In early March, I left my apartment in upper Manhattan and drove to Ontario to visit my elderly parents. For a few days while I was there, the number of reported cases of the novel coronavirus was rising in Toronto at about the same pace as they were in New York City. As the numbers climbed in both cities every day, my grip on my rental car’s steering wheel got a little tighter.
At first I had been leaving the car at my AirBnb and using Lyfts and Ubers to bypass the gridlock of Toronto’s suburban parking lots. But as the case numbers ticked into the double digits, I started driving everywhere, to limit any prolonged contact with strangers. Back in the US in time to see New York’s Covid situation turn catastrophic, I looked into keeping my safe, metal pod, but it was too expensive. Instead, I leased a Ford. Then I found a small house to rent in a tiny upstate community clinging parasite-like to a state park. My spouse and I eventually moved out of our New York top-floor walk-up completely.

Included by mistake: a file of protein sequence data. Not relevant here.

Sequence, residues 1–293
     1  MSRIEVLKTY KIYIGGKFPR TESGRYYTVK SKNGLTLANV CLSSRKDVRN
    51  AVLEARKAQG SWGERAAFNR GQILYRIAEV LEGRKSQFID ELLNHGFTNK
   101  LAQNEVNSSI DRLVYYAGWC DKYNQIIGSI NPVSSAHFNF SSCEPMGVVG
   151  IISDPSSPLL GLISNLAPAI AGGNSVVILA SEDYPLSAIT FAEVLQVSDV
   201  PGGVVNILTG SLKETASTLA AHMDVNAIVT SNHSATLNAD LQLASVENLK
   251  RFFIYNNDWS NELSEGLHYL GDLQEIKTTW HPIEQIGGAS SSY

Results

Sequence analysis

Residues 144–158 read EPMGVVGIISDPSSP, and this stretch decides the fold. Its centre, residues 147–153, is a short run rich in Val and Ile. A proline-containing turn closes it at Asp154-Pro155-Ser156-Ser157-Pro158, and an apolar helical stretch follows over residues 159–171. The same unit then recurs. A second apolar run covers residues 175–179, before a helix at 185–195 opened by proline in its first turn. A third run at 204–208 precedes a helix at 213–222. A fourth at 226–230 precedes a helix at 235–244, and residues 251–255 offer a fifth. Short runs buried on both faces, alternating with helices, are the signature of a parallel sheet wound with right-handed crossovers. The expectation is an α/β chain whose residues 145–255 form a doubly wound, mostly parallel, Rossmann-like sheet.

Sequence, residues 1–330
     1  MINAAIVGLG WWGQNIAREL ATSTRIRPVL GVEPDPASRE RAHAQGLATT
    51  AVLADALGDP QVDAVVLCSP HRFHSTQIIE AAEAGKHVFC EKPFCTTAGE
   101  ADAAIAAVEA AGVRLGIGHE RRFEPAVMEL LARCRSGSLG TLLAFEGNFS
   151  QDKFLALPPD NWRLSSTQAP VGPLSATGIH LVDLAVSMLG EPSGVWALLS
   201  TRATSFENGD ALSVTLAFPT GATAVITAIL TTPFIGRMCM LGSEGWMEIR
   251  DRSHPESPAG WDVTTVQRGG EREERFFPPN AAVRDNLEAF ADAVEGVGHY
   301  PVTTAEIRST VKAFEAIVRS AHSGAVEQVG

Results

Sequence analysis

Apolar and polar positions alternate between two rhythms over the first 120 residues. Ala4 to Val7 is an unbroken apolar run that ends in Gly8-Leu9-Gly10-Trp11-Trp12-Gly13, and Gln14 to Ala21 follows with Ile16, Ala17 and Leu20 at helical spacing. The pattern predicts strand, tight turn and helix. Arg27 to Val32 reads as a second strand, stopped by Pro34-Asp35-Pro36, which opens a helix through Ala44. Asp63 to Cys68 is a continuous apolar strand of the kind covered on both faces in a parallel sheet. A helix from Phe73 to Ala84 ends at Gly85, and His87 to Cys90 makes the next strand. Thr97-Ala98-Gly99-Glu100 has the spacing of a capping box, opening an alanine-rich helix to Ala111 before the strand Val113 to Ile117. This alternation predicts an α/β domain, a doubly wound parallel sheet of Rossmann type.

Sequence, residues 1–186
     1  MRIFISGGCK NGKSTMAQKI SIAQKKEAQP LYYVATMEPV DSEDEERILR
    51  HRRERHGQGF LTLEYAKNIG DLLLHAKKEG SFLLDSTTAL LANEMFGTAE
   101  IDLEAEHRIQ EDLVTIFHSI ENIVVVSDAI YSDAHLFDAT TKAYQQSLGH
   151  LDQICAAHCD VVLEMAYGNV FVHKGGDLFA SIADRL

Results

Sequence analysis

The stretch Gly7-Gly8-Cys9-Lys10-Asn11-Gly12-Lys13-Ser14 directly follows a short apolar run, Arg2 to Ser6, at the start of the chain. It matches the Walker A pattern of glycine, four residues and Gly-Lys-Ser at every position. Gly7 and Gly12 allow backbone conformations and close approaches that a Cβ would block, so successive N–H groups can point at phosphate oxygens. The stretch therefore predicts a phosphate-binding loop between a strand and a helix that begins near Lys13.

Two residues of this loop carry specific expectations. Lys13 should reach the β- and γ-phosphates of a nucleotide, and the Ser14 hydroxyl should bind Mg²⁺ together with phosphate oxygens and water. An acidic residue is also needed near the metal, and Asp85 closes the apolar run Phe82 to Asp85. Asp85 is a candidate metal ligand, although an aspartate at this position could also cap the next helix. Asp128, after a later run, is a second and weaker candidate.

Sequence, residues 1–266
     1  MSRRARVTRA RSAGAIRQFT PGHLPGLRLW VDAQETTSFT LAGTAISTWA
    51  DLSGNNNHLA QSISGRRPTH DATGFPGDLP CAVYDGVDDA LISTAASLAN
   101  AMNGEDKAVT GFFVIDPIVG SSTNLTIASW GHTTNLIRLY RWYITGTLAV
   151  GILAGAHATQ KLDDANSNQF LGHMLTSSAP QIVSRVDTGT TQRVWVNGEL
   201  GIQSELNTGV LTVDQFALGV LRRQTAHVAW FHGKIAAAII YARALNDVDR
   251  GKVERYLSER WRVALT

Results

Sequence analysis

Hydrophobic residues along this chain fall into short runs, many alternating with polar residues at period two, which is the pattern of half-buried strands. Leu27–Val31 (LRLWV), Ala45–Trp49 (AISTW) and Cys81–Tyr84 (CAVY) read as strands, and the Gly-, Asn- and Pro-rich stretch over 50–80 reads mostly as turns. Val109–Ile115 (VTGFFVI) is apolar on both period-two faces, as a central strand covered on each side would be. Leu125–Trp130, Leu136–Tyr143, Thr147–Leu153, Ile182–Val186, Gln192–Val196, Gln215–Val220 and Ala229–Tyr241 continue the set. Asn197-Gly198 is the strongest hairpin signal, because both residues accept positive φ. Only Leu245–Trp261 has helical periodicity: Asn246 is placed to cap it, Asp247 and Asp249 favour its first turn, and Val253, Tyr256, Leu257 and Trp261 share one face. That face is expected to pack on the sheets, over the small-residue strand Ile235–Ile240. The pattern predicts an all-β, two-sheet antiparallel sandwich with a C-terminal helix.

I had valid reasons for all of these decisions, but it’s not without shame that I admit to them. Like many people, I fell in love with New York partly because its density made walking—the most democratic form of movement, as British author and filmmaker Iain Sinclair puts it—a joy, while the cheap subway made owning a car unnecessary. Though the crowds and broken signal delays were often maddening, I admired the vast underground system for what it symbolized, the ability to move and mix 5.5 million commuters of every social strata, members of every community, the young, the old, people with and without disabilities, daily, for a fare of $2.75 per person.